·        Executive agreements and executive orders
·        Executive agreements – Informal means by which the president may conduct day-to-day economic and business transactions with foreign countries. Senate consent is not required.
·        Executive orders – Deal with domestic policy
·        State laws
Standards of review
·        Rational basis – The law is upheld if it is rationally related to a legitimate government purpose; upheld unless it can be shown that it serves no conceivable legitimate purpose or is not a reasonable way to attain the end.
·        Strict scrutiny – The law will be upheld only if it is necessary to achieve a compelling government purpose. Upheld only if the government’s purpose is vital/compelling, and the law is the least restrictive way to accomplish it.
Type of Claim
Standard of review
State interest (ends)
Relationship to law (means)
Cases
commerce clause
rational basis
substantial effects (not means/ends)
 
abortion
undue burden
state regulation has the purpose or effect of placing a substantial obstacle in the path of a woman seeking an abortion of a nonviable fetus.
state regulation must be reasonably related to goal of persuading woman to choose childbirth over abortion
Casey
dormant commerce clause – discrimination against out-of-state interests
 
legitimate
the only means necessary
 
DP – substantive economic interests
rational basis
legitimate
rationally related
Carolene
Lee Optical
DP – substantive non-economic fundamental rights
strict scrutiny
compelling
narrowly tailored, AKA tight fit, AKA necessary
 
liberty interests
undefined
(broader than rational basis; liberty interest is balanced against state interest)
legitimate
rationally related with bite (Lawrence)
 
DP – substantive non-economic non-fundamental rights
rational basis
legitimate
rationally related
 
II.   Powers of the National (Federal) Government
A.     Judicial Powers
1.      Judicial review and Supreme Court authority (CB 2-21, 26-29)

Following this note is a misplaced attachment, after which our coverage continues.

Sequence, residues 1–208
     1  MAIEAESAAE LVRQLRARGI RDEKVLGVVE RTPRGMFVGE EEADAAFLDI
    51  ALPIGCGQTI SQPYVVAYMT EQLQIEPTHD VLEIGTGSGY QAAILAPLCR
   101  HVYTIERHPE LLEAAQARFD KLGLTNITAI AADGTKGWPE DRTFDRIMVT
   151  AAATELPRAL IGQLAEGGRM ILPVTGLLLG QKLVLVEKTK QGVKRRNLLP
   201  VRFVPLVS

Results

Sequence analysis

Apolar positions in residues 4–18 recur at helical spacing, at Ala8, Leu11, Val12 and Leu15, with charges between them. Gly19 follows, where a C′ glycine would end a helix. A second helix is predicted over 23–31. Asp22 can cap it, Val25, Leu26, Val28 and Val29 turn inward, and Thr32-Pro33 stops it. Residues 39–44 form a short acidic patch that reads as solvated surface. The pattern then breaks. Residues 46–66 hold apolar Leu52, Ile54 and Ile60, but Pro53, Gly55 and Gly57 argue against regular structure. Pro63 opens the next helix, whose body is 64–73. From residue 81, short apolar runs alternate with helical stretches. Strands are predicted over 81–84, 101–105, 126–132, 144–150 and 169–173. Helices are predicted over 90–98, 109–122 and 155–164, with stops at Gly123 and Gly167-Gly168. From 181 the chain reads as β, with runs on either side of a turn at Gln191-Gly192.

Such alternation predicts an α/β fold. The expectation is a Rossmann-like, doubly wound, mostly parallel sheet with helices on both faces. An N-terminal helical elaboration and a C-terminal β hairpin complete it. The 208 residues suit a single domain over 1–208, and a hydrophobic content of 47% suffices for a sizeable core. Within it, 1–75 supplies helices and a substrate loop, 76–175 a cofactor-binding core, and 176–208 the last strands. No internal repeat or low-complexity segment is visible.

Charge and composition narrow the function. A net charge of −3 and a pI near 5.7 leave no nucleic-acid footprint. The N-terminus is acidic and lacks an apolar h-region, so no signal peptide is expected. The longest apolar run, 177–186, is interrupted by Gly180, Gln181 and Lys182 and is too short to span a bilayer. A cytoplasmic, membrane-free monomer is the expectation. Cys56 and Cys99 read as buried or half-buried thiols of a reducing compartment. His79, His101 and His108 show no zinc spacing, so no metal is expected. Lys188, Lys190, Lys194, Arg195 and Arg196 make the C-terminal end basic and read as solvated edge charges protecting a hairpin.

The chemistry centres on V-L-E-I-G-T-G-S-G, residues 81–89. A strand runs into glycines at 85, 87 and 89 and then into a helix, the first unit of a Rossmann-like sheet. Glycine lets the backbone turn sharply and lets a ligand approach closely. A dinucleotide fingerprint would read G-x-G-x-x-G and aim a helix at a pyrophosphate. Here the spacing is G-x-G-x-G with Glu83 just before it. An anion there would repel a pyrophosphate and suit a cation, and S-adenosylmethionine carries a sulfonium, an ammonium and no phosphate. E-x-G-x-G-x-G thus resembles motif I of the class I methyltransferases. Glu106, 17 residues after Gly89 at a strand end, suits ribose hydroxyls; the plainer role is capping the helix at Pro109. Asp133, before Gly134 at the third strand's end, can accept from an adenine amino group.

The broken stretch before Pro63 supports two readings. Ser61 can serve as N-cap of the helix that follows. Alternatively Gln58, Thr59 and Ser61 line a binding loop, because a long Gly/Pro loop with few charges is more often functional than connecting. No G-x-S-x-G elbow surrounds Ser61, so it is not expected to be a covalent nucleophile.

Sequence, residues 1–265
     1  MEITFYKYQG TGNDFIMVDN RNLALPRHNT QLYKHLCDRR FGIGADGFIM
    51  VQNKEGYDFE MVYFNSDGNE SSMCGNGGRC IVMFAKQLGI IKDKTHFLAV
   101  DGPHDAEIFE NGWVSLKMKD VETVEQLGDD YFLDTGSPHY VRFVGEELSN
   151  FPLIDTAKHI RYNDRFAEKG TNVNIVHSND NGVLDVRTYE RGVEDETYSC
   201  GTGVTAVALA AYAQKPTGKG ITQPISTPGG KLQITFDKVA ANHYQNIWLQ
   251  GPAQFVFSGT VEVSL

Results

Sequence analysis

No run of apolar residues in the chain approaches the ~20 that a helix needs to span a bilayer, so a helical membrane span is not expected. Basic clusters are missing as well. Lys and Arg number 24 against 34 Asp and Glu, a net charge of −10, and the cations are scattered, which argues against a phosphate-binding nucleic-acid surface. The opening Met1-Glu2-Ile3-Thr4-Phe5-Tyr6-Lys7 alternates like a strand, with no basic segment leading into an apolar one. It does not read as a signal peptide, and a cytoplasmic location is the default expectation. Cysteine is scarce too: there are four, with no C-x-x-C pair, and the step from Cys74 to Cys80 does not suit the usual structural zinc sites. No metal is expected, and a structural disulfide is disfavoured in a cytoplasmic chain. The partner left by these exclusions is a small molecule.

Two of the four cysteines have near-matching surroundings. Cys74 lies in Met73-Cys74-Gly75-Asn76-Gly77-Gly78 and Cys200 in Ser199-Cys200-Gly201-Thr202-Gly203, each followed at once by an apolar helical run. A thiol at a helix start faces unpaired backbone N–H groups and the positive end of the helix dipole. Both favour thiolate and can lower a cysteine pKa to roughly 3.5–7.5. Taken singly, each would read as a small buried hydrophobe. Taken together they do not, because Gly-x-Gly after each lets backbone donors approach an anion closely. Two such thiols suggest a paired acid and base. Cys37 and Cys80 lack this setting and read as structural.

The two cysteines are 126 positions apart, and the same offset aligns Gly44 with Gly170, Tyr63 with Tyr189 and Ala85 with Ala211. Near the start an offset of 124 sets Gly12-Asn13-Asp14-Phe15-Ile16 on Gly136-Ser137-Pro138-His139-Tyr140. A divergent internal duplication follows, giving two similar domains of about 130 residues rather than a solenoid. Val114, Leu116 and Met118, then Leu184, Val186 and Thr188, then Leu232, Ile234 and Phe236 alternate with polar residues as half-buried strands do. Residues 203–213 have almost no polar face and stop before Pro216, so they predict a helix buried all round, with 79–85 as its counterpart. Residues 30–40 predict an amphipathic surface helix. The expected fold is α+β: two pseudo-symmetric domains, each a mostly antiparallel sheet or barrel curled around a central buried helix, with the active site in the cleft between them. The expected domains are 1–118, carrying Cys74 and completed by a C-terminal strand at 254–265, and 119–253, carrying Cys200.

a)      Marbury v. Madison (p. 3) – SCOTUS has the power, implied from Art. VI § 2, to review acts of Congress and if they are found repugnant to the Constitution, to declare them void.
b)      Cooper v. Aaron (p. 26) – SCOTUS’s implied power extended to review acts of States
2.      The “political question” doctrine (PQD) (CB 31-48)
a)      concerns subject matter of dispute; there are certain questions that are political in nature and shouldn’t be decided by the court
b)      6 traditional political question issues from Baker v. Carr (p. 32, 35):
(1)   “a textually demonstrable constitutional commitment of the issue to a coordinate political department” – the Constitution has explicitly vested the question in the executive or legislative branches
(2)   “a lack of judicially discoverable and manageable standards for resolving it”
(3)   “the impossibility of deciding without an initial policy determination of a kind clearly for nonjudicial discretion”
(4)   “the impossibility of a court’s undertaking independent resolution without expressing lack of the respect due coordinate branches of government”
(5)   “an unusual need for unquestioning adherence to a political decision already made”
(6)   “the potentiality of embarrassment from multifarious pronouncements by various departments on one question”
c)      prudential concern – resolution of issues ought to be avoided where they are too controversial or could produce enforcement problems or other institutional difficulties